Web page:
‘Altaïr. Up here.’
‘You picked a fine time to arrive,’ grinned Altaïr.
‘So it seems.’
‘Guard yourself well, friend,’ Altaïr told him. ‘Al Mualim has betrayed us.’ He was prepared for disbelief, even anger from Malik, who trusted and revered Al Mualim and deferred to him in all matters. But Malik merely nodded sadly.
‘Betrayed his Templar allies as well,’ he said.
‘How do you know?’
‘After we spoke I returned to the ruins beneath Solomon’s Temple. Robert had kept a journal. Filled its pages with revelations. What I read there broke my heart … But it also opened my eyes. You were right, Altaïr. All along our master has used us. We were not meant to save the Holy Land, but deliver it to him. He must be stopped.’
‘Be careful, Malik,’ warned Altaïr. ‘What he’s done to the others he’ll do to us, given the chance. You must stay far from him.’
‘What would you propose? My blade arm is still strong and my men remain my own. It would be a mistake not to use us.’
‘Distract these thralls, then. Assault the fortress from behind. If you can draw their attention away from me, I might reach Al Mualim.’
‘I will do as you ask.’
‘The men we face – their minds are not their own. If you can avoid killing them …’
‘Yes. Though he has betrayed the tenets of the Creed, it does not mean we must as well. I’ll do what I can.’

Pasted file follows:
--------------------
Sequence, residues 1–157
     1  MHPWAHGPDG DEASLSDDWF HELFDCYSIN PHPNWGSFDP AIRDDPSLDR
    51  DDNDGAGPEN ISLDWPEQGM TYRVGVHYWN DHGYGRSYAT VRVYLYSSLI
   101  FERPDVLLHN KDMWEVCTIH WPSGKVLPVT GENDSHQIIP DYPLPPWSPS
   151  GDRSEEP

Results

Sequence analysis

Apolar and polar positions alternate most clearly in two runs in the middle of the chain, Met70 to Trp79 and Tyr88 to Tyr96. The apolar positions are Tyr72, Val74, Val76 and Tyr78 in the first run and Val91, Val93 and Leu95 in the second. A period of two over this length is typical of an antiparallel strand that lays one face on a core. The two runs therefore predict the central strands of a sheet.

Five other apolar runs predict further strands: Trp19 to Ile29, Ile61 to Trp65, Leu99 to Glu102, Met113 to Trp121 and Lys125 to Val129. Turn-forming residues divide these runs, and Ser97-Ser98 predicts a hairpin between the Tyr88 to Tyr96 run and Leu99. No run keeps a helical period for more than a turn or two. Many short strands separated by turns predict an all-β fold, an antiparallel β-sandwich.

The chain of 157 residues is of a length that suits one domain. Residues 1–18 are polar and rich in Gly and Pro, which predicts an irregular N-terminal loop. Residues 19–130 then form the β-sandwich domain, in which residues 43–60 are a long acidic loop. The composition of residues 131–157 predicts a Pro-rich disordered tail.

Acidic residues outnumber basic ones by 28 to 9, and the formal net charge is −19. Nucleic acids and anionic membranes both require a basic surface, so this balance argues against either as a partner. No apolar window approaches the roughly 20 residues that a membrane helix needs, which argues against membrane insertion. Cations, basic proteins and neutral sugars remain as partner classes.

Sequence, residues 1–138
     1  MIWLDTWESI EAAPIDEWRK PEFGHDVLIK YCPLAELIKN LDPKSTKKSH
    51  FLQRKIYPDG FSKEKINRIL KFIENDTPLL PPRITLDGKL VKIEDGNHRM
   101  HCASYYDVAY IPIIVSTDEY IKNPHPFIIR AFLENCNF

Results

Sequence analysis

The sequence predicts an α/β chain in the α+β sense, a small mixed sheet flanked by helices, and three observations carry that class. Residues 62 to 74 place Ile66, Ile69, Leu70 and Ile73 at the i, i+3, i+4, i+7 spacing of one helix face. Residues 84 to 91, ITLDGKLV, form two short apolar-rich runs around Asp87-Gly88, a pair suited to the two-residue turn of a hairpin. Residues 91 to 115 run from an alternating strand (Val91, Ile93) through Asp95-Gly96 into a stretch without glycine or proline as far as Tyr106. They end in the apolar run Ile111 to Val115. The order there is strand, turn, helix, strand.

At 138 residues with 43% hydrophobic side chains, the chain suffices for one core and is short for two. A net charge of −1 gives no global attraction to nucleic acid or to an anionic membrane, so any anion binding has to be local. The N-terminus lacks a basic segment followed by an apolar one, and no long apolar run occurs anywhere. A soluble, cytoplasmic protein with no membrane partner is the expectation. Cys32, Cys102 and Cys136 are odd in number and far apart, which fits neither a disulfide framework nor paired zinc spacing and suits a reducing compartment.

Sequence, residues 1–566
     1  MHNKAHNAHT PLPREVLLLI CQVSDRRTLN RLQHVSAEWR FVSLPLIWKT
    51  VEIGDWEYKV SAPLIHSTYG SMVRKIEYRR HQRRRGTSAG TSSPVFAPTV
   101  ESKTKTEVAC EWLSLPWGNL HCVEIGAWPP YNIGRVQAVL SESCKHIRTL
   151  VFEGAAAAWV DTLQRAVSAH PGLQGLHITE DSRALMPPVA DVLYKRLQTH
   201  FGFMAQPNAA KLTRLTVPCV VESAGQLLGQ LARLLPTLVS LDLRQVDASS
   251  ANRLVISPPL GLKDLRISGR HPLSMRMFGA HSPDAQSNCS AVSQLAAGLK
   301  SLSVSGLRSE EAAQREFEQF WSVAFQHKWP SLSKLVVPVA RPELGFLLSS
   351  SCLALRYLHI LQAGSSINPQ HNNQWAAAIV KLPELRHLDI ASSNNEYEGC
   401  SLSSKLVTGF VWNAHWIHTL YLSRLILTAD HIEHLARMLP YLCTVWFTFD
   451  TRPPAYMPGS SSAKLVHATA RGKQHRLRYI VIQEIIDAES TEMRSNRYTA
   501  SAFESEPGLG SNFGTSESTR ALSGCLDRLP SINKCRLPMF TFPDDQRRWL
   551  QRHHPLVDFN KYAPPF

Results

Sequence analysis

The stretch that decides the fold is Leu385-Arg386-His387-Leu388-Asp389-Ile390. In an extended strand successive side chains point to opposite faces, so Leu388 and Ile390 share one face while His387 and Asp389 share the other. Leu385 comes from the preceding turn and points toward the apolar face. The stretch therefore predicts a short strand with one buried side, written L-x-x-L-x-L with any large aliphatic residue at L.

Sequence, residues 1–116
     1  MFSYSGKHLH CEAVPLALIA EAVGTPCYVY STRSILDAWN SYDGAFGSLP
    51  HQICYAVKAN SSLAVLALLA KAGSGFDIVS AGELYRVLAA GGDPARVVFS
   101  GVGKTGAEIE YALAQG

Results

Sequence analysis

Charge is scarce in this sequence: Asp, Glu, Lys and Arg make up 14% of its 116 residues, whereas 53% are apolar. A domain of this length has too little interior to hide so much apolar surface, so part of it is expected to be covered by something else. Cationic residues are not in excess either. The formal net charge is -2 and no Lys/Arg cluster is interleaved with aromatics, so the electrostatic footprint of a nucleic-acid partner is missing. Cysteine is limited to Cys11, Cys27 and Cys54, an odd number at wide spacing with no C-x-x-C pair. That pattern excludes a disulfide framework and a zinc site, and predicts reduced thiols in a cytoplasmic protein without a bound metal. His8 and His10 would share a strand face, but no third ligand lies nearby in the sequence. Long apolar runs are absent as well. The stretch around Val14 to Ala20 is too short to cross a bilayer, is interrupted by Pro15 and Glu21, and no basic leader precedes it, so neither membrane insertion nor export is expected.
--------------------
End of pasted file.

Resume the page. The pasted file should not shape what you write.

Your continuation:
‘It’s all I ask,’ said Altaïr.
Malik turned to leave him.
‘Safety and peace, my friend,’ said Altair.
Malik smiled wryly. ‘Your presence here will deliver us both.’
Altaïr dashed along the barbican to the main courtyard and now he discovered why there had been no villagers in the marketplace. They were all here, crowded into the courtyard, filling it. The whole village surely. They milled around aimlessly, as though barely able to lift their heads. As Altaïr watched, he saw a man and a woman collide, and the woman fall, landing heavily on her backside. Neither acknowledged it, though. No surprise, no pain, no apologies or angry words. The man staggered a little, then moved off. The woman stayed seated, ignored by the other villagers.
Cautiously, Altaïr moved through them towards the tower, struck by the silence, just the sound of dragging feet and the odd murmur.
‘The will of the Master must be obeyed,’ he heard.
‘O Al Mualim. Guide us. Command us.’
‘The world will be cleansed. We will begin anew.’
The new order, he thought, dictated by the Knights Templar, yes, but one Templar above all. Al Mualim.
He came into the entrance hall of the tower, no guards there to greet him. Just the same sense of thick, empty air. As though an invisible mist hung over the entire complex. Looking up he saw that a wrought-iron gate was open. The gate that led to the courtyard and gardens at the rear of the tower. Wisps of light seemed to hang in the air by the portal, as though beckoning him onwards, and he hesitated, knowing that to go through was to play into Al Mualim’s hands. Though, surely, if the Master wanted him dead, he’d already be dead. He drew his sword and ascended the stairs, realizing that he’d instinctively thought of Al Mualim as ‘the Master’ when he was no longer Altaïr’s master. He had ceased to be his master the moment Altaïr had discovered that Al Mualim was a Templar. He was the enemy now.